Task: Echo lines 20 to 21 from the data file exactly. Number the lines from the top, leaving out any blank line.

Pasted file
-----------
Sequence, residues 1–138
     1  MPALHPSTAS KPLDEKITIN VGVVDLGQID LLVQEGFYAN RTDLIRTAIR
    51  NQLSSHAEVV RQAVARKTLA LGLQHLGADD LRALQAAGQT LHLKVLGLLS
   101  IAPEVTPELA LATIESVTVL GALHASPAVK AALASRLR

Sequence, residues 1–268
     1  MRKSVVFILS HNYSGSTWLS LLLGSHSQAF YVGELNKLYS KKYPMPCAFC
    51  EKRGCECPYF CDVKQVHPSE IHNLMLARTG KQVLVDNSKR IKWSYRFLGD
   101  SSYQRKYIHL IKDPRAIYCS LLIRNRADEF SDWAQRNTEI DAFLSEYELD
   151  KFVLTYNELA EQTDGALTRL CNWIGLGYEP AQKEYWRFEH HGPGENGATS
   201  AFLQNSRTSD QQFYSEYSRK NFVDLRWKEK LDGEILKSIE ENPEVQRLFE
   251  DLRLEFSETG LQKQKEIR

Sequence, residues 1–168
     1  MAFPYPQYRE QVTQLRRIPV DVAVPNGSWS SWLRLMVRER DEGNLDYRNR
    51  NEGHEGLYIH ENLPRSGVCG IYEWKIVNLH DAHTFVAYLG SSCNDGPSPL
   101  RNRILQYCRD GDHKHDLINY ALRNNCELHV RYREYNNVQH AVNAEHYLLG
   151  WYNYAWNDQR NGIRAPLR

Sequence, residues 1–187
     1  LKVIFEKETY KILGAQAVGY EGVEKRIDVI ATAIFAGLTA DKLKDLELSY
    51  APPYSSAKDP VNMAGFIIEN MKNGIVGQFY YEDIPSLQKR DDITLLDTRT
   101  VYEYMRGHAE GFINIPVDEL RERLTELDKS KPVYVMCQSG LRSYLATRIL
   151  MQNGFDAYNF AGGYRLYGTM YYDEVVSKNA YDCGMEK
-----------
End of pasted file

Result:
   101  VYEYMRGHAE GFINIPVDEL RERLTELDKS KPVYVMCQSG LRSYLATRIL
   151  MQNGFDAYNF AGGYRLYGTM YYDEVVSKNA YDCGMEK